May 24, 2019 | 62° F

Rutgers combats opioid addiction with Prescription Take-Back Day event

Photo by Cynthia Vasquez |

Once in the Fall and once during Rutgers Day, Generation Rx, an organization comprised of pharmacy students, hosts "Prescription Drug Take-Back Day." The event, run by the Drug Enforcement Administration, emphasizes safe ways to dispose of prescription drugs on campus.

On Saturday, Generation Rx held their bi-annual event "Prescription Drug Take-Back Day," a national initiative run by the Drug Enforcement Administration (DEA) with the goal of getting rid of prescription drugs in a safe way.

The Rutgers chapter of this initiative is relatively new, said Emilia Debek, an Ernest Mario School of Pharmacy junior and the committee chair of the club said.

“Our pharmacy school specifically, we started two years ago. So our first one was Spring of 2016 and we brought it out at Rutgers Day," she said.

Generation Rx hosts this event once in the fall and also on Rutgers Day during the spring semester.

“Initially, we advertised at local pharmacies, we had posted on the page and we were out there with RUPD (Rutgers University Police Department) for anyone to bring their medication who attended Rutgers Day to just dispose of them," she said. 

Generation Rx, an organization comprised of pharmacy students, is at the event to serve as experts on medication and assist people with any questions they may have about their medication. Once the drugs are collected, RUPD handles them, taking them to the DEA office in New Jersey, where they are disposed of. The most common method of rendering pharmaceutical controlled substances non-retrievable is incineration, according to the DEA website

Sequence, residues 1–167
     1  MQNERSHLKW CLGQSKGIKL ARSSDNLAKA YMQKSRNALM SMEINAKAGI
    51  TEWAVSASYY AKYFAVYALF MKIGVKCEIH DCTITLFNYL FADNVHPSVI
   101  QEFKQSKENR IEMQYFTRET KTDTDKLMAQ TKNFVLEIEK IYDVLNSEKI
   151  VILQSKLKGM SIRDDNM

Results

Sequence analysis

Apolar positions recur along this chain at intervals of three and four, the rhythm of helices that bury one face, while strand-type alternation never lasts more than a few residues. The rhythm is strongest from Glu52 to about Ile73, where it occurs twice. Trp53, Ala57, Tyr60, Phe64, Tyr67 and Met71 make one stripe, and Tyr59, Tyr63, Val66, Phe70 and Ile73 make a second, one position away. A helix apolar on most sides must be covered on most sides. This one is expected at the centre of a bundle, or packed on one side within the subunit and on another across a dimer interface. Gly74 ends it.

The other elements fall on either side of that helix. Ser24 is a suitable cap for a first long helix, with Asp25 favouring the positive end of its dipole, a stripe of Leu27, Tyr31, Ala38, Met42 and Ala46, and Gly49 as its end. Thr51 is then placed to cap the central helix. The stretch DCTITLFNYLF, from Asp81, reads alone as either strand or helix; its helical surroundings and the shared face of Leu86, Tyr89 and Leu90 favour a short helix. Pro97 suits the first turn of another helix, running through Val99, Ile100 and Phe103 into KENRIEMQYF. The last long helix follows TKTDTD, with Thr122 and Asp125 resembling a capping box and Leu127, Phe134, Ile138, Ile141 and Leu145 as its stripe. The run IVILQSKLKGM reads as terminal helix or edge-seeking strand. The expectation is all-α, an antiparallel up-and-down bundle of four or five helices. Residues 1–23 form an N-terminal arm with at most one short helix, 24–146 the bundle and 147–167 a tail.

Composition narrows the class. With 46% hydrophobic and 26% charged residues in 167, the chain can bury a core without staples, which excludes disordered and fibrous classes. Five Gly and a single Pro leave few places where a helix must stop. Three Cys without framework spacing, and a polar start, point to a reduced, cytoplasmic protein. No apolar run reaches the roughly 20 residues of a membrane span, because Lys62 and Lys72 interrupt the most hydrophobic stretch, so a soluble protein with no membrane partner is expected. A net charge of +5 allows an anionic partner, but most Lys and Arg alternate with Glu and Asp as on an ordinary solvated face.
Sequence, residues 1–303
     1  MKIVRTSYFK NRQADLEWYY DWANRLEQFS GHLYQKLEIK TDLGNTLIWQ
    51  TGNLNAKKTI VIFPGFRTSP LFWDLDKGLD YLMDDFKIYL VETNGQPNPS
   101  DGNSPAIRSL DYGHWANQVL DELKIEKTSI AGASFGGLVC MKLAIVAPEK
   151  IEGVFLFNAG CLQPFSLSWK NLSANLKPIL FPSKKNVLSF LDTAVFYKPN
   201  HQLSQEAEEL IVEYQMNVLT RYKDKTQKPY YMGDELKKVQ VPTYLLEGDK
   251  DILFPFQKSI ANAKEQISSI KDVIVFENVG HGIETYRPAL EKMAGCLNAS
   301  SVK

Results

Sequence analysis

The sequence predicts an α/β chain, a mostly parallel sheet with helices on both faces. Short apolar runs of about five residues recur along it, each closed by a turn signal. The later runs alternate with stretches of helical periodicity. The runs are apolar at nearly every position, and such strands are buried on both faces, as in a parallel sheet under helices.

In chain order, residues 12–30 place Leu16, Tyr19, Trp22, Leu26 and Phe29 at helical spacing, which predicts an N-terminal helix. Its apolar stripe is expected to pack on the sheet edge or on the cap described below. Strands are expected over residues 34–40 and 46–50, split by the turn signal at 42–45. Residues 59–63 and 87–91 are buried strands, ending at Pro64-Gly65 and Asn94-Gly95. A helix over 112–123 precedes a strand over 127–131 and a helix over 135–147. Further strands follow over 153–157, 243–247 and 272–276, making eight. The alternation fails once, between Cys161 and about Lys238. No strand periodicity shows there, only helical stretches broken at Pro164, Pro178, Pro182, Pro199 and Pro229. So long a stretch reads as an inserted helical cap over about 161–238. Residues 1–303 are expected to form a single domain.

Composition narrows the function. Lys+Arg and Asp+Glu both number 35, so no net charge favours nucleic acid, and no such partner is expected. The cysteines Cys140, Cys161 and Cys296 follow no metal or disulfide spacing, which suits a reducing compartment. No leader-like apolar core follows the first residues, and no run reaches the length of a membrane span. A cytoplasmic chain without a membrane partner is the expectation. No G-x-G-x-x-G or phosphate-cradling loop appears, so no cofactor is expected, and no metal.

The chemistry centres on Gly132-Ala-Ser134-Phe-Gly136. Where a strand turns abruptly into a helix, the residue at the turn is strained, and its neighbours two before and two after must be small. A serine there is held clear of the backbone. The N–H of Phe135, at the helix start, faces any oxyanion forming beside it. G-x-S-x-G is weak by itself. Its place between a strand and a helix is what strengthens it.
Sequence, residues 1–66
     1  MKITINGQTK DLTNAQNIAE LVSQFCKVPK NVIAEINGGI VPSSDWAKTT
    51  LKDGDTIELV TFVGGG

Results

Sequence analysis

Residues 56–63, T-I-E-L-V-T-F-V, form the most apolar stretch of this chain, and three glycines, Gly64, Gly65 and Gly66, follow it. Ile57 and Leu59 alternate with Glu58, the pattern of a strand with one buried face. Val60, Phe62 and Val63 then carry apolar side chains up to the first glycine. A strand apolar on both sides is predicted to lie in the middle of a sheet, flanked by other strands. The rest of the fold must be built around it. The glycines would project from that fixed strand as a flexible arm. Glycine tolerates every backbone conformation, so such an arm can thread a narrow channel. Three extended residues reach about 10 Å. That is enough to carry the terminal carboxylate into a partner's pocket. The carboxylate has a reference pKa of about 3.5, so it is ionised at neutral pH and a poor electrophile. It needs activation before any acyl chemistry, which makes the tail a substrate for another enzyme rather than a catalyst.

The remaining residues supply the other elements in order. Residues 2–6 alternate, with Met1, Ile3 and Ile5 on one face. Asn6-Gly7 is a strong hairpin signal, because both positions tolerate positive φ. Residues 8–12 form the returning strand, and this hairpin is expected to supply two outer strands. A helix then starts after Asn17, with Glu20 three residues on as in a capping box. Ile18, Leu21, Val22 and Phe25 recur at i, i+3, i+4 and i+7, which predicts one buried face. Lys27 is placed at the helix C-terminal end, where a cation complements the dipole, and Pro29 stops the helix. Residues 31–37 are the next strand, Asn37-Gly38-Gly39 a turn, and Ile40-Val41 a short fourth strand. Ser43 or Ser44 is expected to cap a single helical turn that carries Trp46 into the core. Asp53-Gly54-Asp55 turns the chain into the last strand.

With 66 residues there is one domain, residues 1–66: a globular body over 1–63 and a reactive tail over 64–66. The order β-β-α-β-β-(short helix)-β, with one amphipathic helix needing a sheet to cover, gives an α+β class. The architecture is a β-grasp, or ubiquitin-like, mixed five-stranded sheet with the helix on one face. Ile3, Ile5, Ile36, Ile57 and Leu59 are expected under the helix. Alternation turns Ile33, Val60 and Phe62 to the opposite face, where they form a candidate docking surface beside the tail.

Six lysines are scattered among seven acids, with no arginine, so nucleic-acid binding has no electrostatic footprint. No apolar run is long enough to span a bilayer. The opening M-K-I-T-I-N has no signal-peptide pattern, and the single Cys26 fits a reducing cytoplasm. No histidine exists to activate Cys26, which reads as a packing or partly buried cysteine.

After the event, Michael Marinacci, committee chair of Generation Rx and an Ernest Mario School of Pharmacy junior, spoke about the turnout.

“I’d say about 30 people … At Rutgers Day we definitely get more people, just because there are more people walking around and there are other health fairs going on too so we get more traffic that way,” Marinacci said. 

Debek said that with every take-back that they have done, they have gotten more and more feedback. 

 "With this one, we’ve tried to do more advertising about it, so we’ve gone to more local pharmacies and had them distribute fliers, we went to Hidden Grounds to get the take-back fliers distributed," she said. 

Marinacci said that he would have liked more people to come and actually give in their prescription medication. But, he believes that the booth educated people about the dangers of prescription medication and how to properly dispose of medications so they know what do in the future. 

At the event, a survey was given to gauge how much people knew about safe drug use in order to better inform the public. In addition to "Prescription Drug Take-Back Day," Generation Rx is running other initiatives toward safer drug use. One of these initiatives is aimed at Naloxone, a drug used as an antidote to opioids in the case of an overdose, Marinacci said.  

"We have a really big initiative that incorporates medical students, nursing students, faculty and anyone in the community just to get trained on how to administer it and it's something we're really pushing this year and it's been really successful so far," he said. 

The booth contained a trifold with information explaining the dangers of opioid addiction, how it can start from prescription medication and the best ways to get rid of prescription medication. In addition to students from Generation Rx, the event was facilitated by volunteers from American Pharmacists Association and an RUPD officer.

“Through this committee, you will absolve most myths associated with prescription drug abuse and learn the real truth behind this growing epidemic," the Generation RX mission statement reads. 

Shane Garry

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